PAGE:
Because he was "a glutton and a wine-drinker, a friend of publicans and sinners."
Why would Jesus' first miracle be turning water into wine?
Jesus' first miracle was healing the midwife who delivered him. Then he healed the nanny who touched his dirty diaper.
I guess he wanted to show that it was OK to be normal, unlike WTBS.
What is interesting to me was that he provided wine when other disappeared, i.e. when a good number of guests were already intoxicated. Way I see it is that he in essence showed that it was OK to have few more when you are happy and relaxed, unlike WTBS again.
Combine Narkissos' golden nugget about the symbolic significance of the 'Word' being the bringer of wine with Leolaia's insightful comment about the author's intentional emmulation of Moses' legends and we can see the process involved in Gospel writing. I am still very much convinced that the weddding and Cana episodes originally appeared later in the story but were divided and relocated for thelogical reasons. IMO the Ephiphany celebration's asociation with Jesus' baptism seems a likely motive but we may never know.
Transforming a stone into a loaf of bread to nourish the Son of God would be a selfish and frivolous display of power.
It's okay to call upon God's power and miraculously cater to a bunch of drunks at a party.
Let me know when you have sophisticated your miraculous powers to turn leaves into money. I have a huge piles of leaves here, I all raked them up last fall. I could sell you some leaves to practice with, what do you think?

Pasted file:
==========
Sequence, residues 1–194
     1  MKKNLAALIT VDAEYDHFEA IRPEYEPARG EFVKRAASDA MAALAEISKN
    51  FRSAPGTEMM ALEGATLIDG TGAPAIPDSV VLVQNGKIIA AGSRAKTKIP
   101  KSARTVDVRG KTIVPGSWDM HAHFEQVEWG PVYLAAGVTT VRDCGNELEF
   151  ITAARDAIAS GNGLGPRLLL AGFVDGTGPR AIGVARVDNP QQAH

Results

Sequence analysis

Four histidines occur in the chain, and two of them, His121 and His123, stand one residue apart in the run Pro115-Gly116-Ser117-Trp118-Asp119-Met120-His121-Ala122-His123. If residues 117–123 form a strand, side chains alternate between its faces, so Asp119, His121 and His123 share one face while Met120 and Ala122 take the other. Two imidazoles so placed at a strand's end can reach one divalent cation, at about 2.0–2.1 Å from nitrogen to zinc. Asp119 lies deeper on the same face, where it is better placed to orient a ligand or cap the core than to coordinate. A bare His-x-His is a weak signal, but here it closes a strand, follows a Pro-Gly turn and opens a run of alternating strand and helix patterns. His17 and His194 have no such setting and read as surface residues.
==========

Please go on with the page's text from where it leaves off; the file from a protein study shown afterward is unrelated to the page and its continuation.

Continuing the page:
The author of John doubtless had his own agenda for relating the story of that "miracle", but was apparently not familiar with aramaic customs and culture. Middle Eastern weddings were extended celebrations which included a great deal of drinking. According to George Lamsa, it was the responsibility of the guests to provide the wine and not the host. The grooms best friend would go first and presumably provide the best wine. It would have been a social faux paux to provide the wine out of turn as that would have insulted the guest whose turn it was. When Mary said to Jesus, "they have no wine" she was, in effect, asking him "Is it not your turn?" His response was, "My hour is not come". In other words, it is not my turn. It was the custom that when the Rabbi's turn came, and Jesus was a Rabbi, he was to serve water and encourage everyone to sober up. The Urantia book indicates that the so called miracle was an accident; that Jesus did not intend to turn the water into wine, but was responding to his mother's embarrassment for the married couple. Another possibility is that the water tasted pretty good to a bunch of drunks. Having sampled a fair amount of middle eastern wine, I can assure you that I would rather drink water.